We found a pharmacy where I was able to playact enough to get Younes’ medicines and a grocery store to get beer. Matt was disappointed about no hiking/adventure (although I was happy to have more downtime) so I suggested the next best thing – sangria. Yelp told me there was one open bar, called Bar Los Angeles. With that name, I didn’t know if it would “feel” Spanish but it did not disappoint. The sangria was refreshing and fruit-choked, the view was great and a cool breeze wafted through the outdoor seating area.

We chatted with a tour guide as we sipped our drinks who was also having some refreshments after a long morning. Her burro was tied up outside patiently waiting.

After two drinks, we made our way back to the guesthouse where Matt took a siesta and I gave Younes his medicine and then headed out to the pool for more relaxation. Eventually Younes felt well enough to join me. That night, we headed back to our afternoon cafe for more sangria, tapas and an amazing platter of jamon and manchego that I inhaled. It was a mild, very pleasant evening, one where I could not imagine being anywhere better.

The next day, it was finally time to hike to the reservoir. Even I was getting restless at that point. After twists and (wrong) turns, we finally made it to the reservoir. Matt and I stripped down to our swimsuits and hopped in. It was sooooo cold. But so refreshing at the same time. And once again – the view was really awesome.

When we returned to the guesthouse, I headed straight for the pool and eventually Younes and Matt joined me. We discussed dinner – there was a trout farm where we could get cheap fish caught from the reservoir. I went off to buy the fish while Younes and Matt had races in the pool. The walk to and from the farm was lovely. I was able to go at my own pace and appreciate the sights I had been too rushed to notice on our hike earlier.

When I got back with our extremely cheap fish (seriously, 5 euro for three huge whole fish), Younes and Matt treated me and took over the dinner prep. Younes cooked the fish and Matt made the salad. They both did a great job. We popped our bottle of cava to celebrate our last night in Spain.

The next day, we would split up, with Younes traveling to see his brother in a different part of the country and Matt and I beginning the long journey back to the US. But for that night, we ate, drank and fully enjoyed Spain.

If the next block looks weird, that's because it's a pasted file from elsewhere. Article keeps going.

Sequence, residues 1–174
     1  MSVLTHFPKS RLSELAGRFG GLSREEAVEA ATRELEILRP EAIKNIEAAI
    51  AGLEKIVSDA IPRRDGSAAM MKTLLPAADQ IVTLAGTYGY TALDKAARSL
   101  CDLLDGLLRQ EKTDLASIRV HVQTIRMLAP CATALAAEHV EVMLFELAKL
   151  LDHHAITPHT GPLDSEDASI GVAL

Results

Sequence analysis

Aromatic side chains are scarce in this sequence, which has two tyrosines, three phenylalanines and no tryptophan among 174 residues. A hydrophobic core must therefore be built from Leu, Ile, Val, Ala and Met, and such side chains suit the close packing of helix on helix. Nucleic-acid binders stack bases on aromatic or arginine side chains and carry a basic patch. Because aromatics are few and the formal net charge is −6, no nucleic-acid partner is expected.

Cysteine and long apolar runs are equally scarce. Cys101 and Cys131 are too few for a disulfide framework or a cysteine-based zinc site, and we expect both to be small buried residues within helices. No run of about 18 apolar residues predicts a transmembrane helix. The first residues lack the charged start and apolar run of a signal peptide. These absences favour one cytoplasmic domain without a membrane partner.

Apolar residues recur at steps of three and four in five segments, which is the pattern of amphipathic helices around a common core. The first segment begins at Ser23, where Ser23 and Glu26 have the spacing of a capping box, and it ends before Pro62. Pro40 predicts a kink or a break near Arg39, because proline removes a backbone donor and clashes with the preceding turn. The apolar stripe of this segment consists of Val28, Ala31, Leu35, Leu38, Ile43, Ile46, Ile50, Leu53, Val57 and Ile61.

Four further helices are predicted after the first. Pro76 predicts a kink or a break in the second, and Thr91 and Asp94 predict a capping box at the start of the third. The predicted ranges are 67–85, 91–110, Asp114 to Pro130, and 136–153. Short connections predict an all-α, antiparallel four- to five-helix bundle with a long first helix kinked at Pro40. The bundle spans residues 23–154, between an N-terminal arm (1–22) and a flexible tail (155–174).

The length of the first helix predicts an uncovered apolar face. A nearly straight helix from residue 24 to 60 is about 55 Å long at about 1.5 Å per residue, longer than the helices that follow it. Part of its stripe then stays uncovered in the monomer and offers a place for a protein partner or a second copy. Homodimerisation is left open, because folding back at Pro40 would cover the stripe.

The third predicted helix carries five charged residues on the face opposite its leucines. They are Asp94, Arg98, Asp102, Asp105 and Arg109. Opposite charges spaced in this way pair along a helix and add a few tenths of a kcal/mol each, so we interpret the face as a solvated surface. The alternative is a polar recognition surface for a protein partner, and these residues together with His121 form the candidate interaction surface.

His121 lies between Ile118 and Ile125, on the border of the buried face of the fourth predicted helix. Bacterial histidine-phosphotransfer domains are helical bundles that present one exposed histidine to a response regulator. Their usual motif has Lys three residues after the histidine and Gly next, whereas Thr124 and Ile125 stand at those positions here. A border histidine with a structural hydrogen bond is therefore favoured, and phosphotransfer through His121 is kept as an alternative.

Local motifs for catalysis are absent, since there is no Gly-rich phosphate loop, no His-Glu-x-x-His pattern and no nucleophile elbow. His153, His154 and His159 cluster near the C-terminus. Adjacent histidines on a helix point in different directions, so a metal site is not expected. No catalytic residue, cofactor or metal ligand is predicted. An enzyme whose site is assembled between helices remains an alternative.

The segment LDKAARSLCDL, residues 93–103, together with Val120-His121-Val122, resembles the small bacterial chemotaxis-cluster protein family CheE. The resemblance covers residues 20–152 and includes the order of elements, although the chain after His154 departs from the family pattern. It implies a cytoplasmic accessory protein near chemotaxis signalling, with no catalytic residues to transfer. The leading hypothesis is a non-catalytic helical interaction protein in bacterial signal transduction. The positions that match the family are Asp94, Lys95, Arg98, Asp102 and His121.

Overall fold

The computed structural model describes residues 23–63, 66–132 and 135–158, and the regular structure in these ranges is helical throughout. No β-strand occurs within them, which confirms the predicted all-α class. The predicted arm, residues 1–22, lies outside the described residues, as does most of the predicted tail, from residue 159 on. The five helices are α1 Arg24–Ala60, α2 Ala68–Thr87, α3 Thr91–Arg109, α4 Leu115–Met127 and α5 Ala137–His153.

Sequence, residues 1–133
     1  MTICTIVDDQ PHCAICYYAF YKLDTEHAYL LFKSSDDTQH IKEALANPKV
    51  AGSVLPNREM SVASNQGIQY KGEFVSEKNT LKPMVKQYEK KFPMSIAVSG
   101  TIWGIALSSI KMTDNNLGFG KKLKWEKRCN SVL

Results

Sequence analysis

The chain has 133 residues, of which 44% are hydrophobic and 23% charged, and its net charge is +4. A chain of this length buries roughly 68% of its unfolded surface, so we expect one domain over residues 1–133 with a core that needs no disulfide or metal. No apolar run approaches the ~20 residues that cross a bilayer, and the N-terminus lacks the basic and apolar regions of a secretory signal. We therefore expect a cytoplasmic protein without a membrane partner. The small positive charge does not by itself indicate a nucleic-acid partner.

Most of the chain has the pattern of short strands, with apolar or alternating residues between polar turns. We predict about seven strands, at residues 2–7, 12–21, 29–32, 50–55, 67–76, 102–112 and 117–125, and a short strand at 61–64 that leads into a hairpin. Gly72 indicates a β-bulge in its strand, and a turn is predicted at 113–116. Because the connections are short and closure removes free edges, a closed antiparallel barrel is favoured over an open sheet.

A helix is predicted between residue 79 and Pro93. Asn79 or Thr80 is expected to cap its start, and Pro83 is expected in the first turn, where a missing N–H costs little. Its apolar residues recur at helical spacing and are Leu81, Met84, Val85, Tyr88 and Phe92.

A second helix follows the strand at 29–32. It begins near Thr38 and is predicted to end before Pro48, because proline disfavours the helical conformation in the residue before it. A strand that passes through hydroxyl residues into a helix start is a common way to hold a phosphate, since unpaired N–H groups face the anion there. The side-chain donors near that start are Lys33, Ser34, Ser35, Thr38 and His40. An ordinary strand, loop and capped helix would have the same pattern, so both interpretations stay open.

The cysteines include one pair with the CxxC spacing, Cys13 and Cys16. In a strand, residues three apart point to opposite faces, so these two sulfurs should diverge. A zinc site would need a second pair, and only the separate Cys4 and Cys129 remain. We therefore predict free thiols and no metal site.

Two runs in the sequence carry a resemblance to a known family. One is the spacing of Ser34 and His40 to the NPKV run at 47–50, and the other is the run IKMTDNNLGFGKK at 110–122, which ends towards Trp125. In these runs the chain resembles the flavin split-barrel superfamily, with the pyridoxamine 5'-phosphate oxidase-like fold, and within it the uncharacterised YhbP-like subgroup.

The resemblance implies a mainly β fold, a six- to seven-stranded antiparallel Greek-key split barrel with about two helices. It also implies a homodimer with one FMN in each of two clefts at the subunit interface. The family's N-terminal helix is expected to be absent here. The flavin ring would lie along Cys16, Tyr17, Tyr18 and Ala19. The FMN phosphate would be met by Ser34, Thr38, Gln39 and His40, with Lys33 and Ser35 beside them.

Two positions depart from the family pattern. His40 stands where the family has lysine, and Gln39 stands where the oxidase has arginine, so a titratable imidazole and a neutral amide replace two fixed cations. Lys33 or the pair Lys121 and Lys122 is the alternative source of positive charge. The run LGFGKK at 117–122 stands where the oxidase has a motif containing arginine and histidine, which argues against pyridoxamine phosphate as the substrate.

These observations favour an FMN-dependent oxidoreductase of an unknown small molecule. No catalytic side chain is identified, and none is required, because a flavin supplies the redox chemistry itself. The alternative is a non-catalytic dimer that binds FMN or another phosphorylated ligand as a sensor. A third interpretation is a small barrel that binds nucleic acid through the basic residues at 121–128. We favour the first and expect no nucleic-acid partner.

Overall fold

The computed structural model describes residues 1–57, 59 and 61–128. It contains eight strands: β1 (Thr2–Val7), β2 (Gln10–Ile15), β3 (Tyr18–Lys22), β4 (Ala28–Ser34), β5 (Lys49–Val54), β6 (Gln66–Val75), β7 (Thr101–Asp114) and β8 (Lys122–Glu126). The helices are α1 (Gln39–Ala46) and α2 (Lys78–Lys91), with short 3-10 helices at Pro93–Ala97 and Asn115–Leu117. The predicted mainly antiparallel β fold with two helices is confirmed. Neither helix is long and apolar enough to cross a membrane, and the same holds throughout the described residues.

#tbt – Finally finishing the Spain narrative

#metsmonday – One year later

My father-in-law died one year and one day ago. This doesn’t directly relate to cancer but it kind of does.

I met Ba in the beginning of 2012, about six months after I met Younes. I found him to be a kind and family-oriented man, beloved by his wife, five children and many grandchildren.

I did not make it back to Morocco before I was diagnosed with breast cancer. Younes came to visit me instead. Then in late 2013 – bam, diagnosis.

Be encouraged Younes to be with me, which he did. We got married a few months later. If it weren’t for cancer, I would’ve tried to get travel visas for his family to attend the wedding, but due to cancer, we didn’t have the time.

I did a year and a half of intense treatment. It was so intense that there was not time for Younes and I to travel to Morocco. Finally, after 18 months, I got a brief reprieve. In late summer 2015, Younes and I went on the six-week trip that started this blog. We got to see Ba. Younes spent so much time talking with him and enjoying his company. I saw him hold his grandchildren and hoped for the day that I would put a grandchild in his arms – a child with a traditional Amazigh (Berber) name to celebrate their heritage that had been all too often denied by the Arab government.

That trip was the last time either of us saw Ba alive.

2016 and 2017 were swallowed up with mets. Surgery, radiation, chemo. Younes became the breadwinner. We didn’t have time to make it to Morocco.

2018 came and Younes became worried about Ba’s health. I was changing treatment and convinced him to wait until I was stable on a new treatment until we visited Morocco. I regret that now.